The First Sexagesimal Clocks: Timekeeping Innovations of the Sumerians

When we glance at our watches or clocks today, we hardly think about the origins of the system that divides an hour into 60 minutes and a minute into 60 seconds. This familiar way of measuring time can be traced back thousands of years to the ancient civilization of the Sumerians. Situated in Mesopotamia, modern-day Iraq, the Sumerians developed one of the earliest known systems of writing, governance, and mathematics, including the sexagesimal (base-60) system. This system laid the groundwork for the first sexagesimal clocks, which profoundly influenced how we keep time today.

The Sumerians and the Birth of Civilization

The Sumerians are often credited with founding one of the world’s first civilizations around 4500 to 1900 BCE. They settled in the fertile region between the Tigris and Euphrates rivers, an area often referred to as the “cradle of civilization.” Here, they developed urban centers, complex societies, and various technological advancements.

Among their many achievements, the Sumerians are known for their contributions to writing, notably the cuneiform script, which is one of the earliest systems of writing. Their advancements in mathematics were equally groundbreaking, and the sexagesimal system is a prime example of their ingenuity.

The Sexagesimal System: Why Base 60?

The choice of base 60 may seem arbitrary to modern minds more accustomed to the decimal (base-10) system. However, the sexagesimal system has distinct advantages. Sixty is a highly composite number, meaning it has many divisors: 1, 2, 3, 4, 5, 6, 10, 12, 15, 20, and 30. This makes it incredibly versatile for calculations and divisions, a feature that is especially useful in astronomy, geometry, and timekeeping.

The origins of the sexagesimal system are not entirely clear, but it is believed that the Sumerians inherited it from earlier cultures in the region. They refined and formalized the system, integrating it into various aspects of their daily life and scientific pursuits.

Timekeeping in Ancient Sumer

The Sumerians’ understanding of time was closely linked to their agricultural activities, religious practices, and astronomical observations. They needed a reliable way to measure time to organize their society, track the seasons, and conduct religious ceremonies. The development of the sexagesimal system facilitated more precise timekeeping.

The Sundial: Harnessing the Power of the Sun

One of the earliest timekeeping devices used by the Sumerians was the sundial. A sundial measures time based on the position of the sun’s shadow cast by a central gnomon (a vertical rod or stick). The Sumerians divided the day into 12 “double hours,” which were further divided into smaller units based on the sexagesimal system.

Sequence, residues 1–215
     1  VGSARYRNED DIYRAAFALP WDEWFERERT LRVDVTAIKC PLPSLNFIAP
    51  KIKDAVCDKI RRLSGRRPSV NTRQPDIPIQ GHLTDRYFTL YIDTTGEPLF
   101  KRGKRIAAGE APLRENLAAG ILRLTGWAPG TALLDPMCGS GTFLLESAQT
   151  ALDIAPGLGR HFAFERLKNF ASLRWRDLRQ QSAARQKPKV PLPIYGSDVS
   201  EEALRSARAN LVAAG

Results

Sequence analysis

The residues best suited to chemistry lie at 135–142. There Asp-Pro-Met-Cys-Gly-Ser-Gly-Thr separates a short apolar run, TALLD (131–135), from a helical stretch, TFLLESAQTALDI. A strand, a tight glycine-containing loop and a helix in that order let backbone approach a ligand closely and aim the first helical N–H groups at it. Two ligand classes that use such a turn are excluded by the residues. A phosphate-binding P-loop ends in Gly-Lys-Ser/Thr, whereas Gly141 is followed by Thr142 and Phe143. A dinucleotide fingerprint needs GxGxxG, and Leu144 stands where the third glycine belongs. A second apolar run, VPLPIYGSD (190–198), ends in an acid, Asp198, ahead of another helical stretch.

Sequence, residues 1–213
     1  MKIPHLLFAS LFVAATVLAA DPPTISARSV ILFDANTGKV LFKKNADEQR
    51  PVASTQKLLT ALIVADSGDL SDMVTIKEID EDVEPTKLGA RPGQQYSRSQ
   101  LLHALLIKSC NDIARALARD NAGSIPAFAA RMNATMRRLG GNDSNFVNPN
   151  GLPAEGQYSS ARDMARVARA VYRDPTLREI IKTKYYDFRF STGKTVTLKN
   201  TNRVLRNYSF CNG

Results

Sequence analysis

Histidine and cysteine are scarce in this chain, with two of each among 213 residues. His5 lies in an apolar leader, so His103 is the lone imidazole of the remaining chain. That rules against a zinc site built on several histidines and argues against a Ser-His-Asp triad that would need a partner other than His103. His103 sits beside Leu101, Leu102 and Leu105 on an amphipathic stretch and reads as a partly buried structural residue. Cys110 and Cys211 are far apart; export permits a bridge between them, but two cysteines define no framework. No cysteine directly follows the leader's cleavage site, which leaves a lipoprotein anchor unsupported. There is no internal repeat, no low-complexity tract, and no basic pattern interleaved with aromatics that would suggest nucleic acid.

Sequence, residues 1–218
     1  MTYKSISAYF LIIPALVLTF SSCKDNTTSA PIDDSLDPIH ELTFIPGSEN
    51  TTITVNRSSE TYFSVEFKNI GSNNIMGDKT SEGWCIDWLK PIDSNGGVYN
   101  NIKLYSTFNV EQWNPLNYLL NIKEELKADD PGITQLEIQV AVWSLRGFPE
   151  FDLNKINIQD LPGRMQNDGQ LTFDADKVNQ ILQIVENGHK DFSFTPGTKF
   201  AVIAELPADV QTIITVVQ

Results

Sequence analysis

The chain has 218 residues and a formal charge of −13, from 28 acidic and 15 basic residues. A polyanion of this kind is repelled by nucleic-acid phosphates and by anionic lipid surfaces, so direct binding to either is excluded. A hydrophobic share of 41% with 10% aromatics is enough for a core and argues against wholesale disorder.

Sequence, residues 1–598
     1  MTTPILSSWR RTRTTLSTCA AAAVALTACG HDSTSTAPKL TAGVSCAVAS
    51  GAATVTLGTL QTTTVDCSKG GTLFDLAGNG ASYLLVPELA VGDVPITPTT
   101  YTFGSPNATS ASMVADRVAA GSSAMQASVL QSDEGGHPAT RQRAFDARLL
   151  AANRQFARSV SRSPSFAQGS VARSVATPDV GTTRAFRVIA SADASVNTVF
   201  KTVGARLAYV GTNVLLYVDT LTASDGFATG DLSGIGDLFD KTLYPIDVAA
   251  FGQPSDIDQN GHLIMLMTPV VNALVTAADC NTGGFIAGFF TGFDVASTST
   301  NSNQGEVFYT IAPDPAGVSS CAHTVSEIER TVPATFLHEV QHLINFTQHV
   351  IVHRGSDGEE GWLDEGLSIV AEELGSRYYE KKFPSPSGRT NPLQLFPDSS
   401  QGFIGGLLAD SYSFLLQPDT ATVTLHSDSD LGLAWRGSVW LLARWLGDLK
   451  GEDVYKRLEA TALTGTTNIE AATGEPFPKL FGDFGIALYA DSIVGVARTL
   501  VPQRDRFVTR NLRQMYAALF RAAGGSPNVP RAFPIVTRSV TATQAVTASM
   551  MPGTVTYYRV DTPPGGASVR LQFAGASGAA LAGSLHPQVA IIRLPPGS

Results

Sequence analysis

The design of the sundial allowed the Sumerians to estimate the passage of time during daylight hours. Although less effective on cloudy days or at night, the sundial was an essential tool for daily activities and ceremonies.

The Water Clock: Time Flowing Like Water

Another significant Sumerian invention was the water clock or clepsydra. This device measured time based on the regulated flow of water from or into a container. A typical water clock consisted of a stone vessel with a small hole at the bottom through which water dripped at a steady rate.


The Sumerians used water clocks to measure longer periods, such as night hours or intervals during the day when the sun was not visible. These clocks were especially useful for timing religious rituals and astronomical observations. The water clock’s reliance on the steady flow of water provided a more consistent measure of time than the sundial, albeit with its own limitations due to evaporation and changes in water flow.

The Legacy of Sumerian Timekeeping

The innovations in timekeeping by the Sumerians laid the groundwork for future advancements in horology (the study and measurement of time). Their use of the sexagesimal system influenced later civilizations, including the Babylonians, Greeks, and ultimately the entire world.

The Babylonians, who succeeded the Sumerians in Mesopotamia, continued to use and refine the sexagesimal system. They made significant contributions to astronomy and mathematics, many of which were based on the foundations laid by the Sumerians.

One of the most enduring legacies of Sumerian timekeeping is the division of an hour into 60 minutes and a minute into 60 seconds. This system was adopted and preserved through subsequent cultures and civilizations, eventually becoming the standard used worldwide today.

Sumerian Influence on Modern Timekeeping

The principles of Sumerian timekeeping can still be seen in our modern clocks and watches. The division of the day into 24 hours, each hour into 60 minutes, and each minute into 60 seconds is a direct legacy of the Sumerians’ sexagesimal system. This division facilitates the precise measurement of time, essential for everything from daily schedules to scientific research and global communications.

Furthermore, the Sumerians’ approach to mathematical calculations using the sexagesimal system has influenced various fields, including astronomy, navigation, and engineering. For example, the 360 degrees in a circle, a concept crucial for navigation and geometry, can be traced back to their innovations.

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